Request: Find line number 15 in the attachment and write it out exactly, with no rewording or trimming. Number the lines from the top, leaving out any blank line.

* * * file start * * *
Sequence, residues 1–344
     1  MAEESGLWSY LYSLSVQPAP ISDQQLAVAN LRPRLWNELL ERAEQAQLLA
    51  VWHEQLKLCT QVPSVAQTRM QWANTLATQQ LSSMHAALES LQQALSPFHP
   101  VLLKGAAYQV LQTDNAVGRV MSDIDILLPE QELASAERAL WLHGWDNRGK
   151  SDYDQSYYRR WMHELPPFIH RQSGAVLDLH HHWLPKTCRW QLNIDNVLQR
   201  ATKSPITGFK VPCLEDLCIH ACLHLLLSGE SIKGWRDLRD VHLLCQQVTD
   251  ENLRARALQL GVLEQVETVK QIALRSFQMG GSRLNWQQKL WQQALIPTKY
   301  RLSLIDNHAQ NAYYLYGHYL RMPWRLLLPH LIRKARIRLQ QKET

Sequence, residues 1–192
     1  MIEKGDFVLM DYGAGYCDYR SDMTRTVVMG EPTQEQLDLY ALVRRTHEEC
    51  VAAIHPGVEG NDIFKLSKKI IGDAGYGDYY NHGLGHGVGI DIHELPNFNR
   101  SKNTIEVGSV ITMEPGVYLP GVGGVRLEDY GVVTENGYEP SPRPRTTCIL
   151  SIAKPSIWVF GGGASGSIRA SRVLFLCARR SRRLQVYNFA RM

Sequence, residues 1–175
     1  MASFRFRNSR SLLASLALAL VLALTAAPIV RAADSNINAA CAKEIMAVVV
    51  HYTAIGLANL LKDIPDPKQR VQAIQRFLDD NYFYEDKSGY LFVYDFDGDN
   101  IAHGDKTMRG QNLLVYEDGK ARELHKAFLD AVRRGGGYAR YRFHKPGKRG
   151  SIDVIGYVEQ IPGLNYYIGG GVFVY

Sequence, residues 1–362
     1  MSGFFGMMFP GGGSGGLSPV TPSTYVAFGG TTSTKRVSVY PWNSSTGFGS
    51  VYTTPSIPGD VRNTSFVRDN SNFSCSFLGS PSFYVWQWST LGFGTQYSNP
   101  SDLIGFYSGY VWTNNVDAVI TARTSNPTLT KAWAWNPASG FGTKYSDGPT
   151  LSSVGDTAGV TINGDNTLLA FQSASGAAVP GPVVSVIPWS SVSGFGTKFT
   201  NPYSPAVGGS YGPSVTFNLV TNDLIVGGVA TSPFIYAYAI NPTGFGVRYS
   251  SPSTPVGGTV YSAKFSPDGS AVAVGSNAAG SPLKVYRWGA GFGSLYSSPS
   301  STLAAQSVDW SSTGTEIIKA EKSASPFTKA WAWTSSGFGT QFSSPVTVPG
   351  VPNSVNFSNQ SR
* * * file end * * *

     1  MASFRFRNSR SLLASLALAL VLALTAAPIV RAADSNINAA CAKEIMAVVV